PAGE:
Wednesday , May 22 2024
Kimberley and Katrina wave hello!

Music Review: The Waves – Shock Horror

Shock Horror is the first album by the group that would become Katrina and The Waves — who'd go on to produce some excellent, if somewhat under-appreciated, music.

Songwriter, lead guitarist, and sometime vocalist Kimberley Rew is celebrating the 25th anniversary of the band's hit “Waking On Sunshine” by re-releasing three of its albums plus his own long-out-of-print solo release. Each album has been remastered and issued with previously unreleased bonus tracks.

Rew formed The Waves during 1975 with sidekick drummer Alex Cooper. In 1977 they disbanded when Rew left to join Robyn Hitchcock and The Soft Boys. That in turn left Cooper free to join Mama’s Cookin’ which featured Katrina Leskanich and bassist Vince De La Cruz. After the demise of The Soft Boys, Cooper invited Rew to join Mama’s Cookin.’ He agreed but convinced everyone to change the name to that of his former group, The Waves.

Shock Horror catches Rew and thus the group in a transition period. The sound is a cross between The Soft Boys and the smooth sophisticated rock which would soon follow. Also at this point, Rew and Leskanich shared lead vocal duties. This would change in the near future, however, as Rew would write material with Katrina in mind as the vocalist.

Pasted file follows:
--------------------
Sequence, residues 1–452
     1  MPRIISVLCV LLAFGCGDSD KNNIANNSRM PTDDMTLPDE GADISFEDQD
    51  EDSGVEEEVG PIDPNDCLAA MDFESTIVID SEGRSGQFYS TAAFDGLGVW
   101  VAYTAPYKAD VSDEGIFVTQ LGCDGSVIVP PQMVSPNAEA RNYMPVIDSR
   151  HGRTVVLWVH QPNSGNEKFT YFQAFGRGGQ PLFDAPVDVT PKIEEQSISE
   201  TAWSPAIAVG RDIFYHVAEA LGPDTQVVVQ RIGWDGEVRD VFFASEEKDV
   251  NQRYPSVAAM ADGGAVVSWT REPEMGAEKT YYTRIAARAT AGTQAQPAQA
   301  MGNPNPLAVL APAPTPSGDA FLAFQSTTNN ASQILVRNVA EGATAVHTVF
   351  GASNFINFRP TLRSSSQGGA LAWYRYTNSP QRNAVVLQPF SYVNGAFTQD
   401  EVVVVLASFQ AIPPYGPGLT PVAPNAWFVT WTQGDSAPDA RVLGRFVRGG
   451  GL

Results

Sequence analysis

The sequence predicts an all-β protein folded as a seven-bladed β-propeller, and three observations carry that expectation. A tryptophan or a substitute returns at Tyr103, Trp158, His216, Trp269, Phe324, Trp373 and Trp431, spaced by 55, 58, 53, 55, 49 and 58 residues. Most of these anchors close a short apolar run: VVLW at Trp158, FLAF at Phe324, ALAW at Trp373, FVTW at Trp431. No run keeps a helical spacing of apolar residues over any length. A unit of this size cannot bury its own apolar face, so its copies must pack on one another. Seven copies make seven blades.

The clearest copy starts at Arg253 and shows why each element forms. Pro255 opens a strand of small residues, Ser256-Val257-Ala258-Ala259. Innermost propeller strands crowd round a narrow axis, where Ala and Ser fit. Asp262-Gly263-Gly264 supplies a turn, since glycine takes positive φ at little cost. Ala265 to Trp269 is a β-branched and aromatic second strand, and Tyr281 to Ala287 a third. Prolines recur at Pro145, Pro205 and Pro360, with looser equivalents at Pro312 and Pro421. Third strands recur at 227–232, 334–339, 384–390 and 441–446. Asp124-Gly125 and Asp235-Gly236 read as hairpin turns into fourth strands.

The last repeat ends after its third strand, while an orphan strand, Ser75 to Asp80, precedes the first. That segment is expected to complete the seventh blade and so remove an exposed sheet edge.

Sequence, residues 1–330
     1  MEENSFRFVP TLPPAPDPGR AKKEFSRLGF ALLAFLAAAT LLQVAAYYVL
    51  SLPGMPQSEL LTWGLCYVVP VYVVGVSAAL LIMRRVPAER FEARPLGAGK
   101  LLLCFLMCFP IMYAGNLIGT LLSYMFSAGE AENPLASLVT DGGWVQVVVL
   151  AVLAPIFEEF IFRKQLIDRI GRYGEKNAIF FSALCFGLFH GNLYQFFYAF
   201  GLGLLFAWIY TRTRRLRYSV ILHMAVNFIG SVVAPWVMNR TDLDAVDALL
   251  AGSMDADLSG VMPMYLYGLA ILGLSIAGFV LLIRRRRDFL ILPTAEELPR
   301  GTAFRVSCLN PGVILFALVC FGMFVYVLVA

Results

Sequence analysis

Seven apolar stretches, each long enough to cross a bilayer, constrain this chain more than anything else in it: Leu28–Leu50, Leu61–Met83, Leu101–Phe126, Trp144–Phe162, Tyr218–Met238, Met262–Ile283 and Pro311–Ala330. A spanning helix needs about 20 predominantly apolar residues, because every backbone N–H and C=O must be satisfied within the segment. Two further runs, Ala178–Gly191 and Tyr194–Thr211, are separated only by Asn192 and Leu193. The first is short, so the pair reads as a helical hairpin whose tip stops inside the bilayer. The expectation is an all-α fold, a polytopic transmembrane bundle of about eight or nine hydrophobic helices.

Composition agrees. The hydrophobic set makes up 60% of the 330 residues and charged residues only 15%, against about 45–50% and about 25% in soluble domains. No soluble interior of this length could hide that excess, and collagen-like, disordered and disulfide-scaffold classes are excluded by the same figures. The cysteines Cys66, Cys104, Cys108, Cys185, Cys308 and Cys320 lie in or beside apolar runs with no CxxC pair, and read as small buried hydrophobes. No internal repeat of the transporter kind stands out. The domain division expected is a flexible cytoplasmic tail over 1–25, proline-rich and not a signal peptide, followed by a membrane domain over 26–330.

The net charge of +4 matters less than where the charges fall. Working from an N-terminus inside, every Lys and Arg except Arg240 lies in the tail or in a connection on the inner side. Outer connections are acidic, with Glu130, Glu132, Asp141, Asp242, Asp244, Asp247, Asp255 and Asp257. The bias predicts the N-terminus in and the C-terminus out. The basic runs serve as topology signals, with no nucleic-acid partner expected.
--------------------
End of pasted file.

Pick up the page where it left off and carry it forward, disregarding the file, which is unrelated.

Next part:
While the album was not commercially successful, its lead song, “Going Down To Liverpool,” was recorded by The Bangles, helping the girl group obtain a major label recording contract. The Waves' rendition is more somber but is interesting to compare it to the better known pop/rock version.

The gem of this album (and a true, unexpected surprise for me) is “Saturday Week” with Leskanich on lead vocals. I would call it jump/rock although the percussion foundation is right out of big-band, swing jazz. This lost up-tempo number is one of the best tracks they would produce. Other highlights include Rew’s signature jingly guitar on “Strolling On Air” and the frenetic “Brown Eyed Son.”

Shock Horror catches The Waves on the verge of finding their classic sound. While the albums which followed would be more consistent, there are still a few gems to be mined on this one.

About David Bowling

Check Also

Music Review: Sheena Easton – ‘Madness, Money and Music’ (Deluxe Edition)

Expanded CD/DVD reissue of Easton's 1982 junior LP showcases her impressive artistic breadth and includes rare vault material.